“I can promise you that as the chair of the charter school review committee and the committee itself, there’s been quite a few hours spent on this application,” Robertson County Schools Director Chris Causey said.

Board members voted to deny the application based on an extensive review process by and on the recommendation of the Robertson County Schools Charter School Application Review Committee, which found it lacking in its academic, operational and financial plans.

Summary ratings for the three sections of the school’s academic, operational and financial plan needed to meet or exceed the standard for the board to approve the application. Each section was found to partially meet or not meet the standard.

The review committee named several concerns with the school’s plan, including that the Barney School Charter Initiative curriculum developed by Hillsdale College is not currently aligned to Tennessee’s Academic Standards, the budget does not provide a realistic alignment to the acquisition of a facility, whether constructed or leased, and a debt service, if needed, is not addressed and financial procedures, policies, systems and processes for accounting, payroll and independent annual audits are not clearly outlined in the application.

Additional issues the review committee found with the school’s application include a budget that does not provide for debt service and requires annual donations of $150,000 raised primarily by families, the process for identifying students with disabilities, at-risk students and gifted students is not clearly explained and relies on outdated exiting criteria and eligibility guidelines and Career and Technical Education opportunities and pathways to college and career are not provided.

Through their research, committee members ultimately recommended non-authorization of the application.

“While the review committee acknowledges the commitment of American Classical Academy Robertson board members to partner with Robertson County Schools to offer school choice to families, the lack of alignment throughout the application makes it difficult to assess the capacity to open and sustain a viable school,” Robertson County Assistant Director of Schools Melanie Dickerson said of the committee’s closing statement.

“For an application to be approved, the operational and financial plans must align with and support the academic plan, mission and vision of the school. This misalignment along with various weaknesses in the academic plan and insufficient planning led to the final recommendation," Dickerson continued. "The Robertson County Schools Charter School Application Review Committee recommends non-authorization of the American Classical Academy Robertson application.”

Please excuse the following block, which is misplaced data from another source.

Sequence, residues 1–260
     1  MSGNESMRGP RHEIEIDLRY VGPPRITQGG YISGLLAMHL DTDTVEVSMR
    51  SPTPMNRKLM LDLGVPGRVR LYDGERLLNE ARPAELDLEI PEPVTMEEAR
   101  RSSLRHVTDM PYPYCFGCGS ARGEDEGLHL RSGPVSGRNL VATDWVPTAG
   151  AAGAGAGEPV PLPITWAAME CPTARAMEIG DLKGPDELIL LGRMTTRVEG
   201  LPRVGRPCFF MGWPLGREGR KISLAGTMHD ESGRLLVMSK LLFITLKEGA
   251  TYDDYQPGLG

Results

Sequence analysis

Following the board’s denial, the charter school has 30 days to submit an amended application for review. The board would then have 60 days to rule on the amended application.

American Classical Academy, a branch of American Classical Education affiliated with Hillsdale College, submitted a 500-page application to five school districts across Middle Tennessee in Jackson, Maury, Montgomery, Robertson and Rutherford. At the Maury County Board of Education meeting last night, American Classical Academy’s proposal was rejected by a vote of 6-5.

Three districts in Murfreesboro, Clarksville and Jackson, previously denied ACE charter applications in July. However, the school reemerged late last year, filing an application across the five counties.


Final Story of the Day (Maury County Source)

PEDIGREE Foundation, a philanthropic organization that helps dogs find their forever homes, will host “The Love of Dogs” Benefit Concert on Wednesday, May 17th at 6:00pm at Marathon Music Works (1402Clinton St, Nashville, TN 37203).

The concert event will be hosted by syndicated country radio personality Shawn Parr and will include a cocktail reception, dinner, and exciting live/silent auction that will be followed by a Special Musical Performance by Marty Stuart and his Fabulous Superlatives – all to benefit PEDIGREE Foundation and its shelter and rescue grants program.

Marty Stuart is a Country Music Hall of Famer, five-time Grammy-winner, and AMA Lifetime Achievement honoree. Stuart will release his new album, Altitude, just two days after the event on May 19th via Snakefarm.

Limited tickets and ticket packages are on sale now. For more information about the event and tickets, please visit the www.donate.pedigreefoundation.org/event.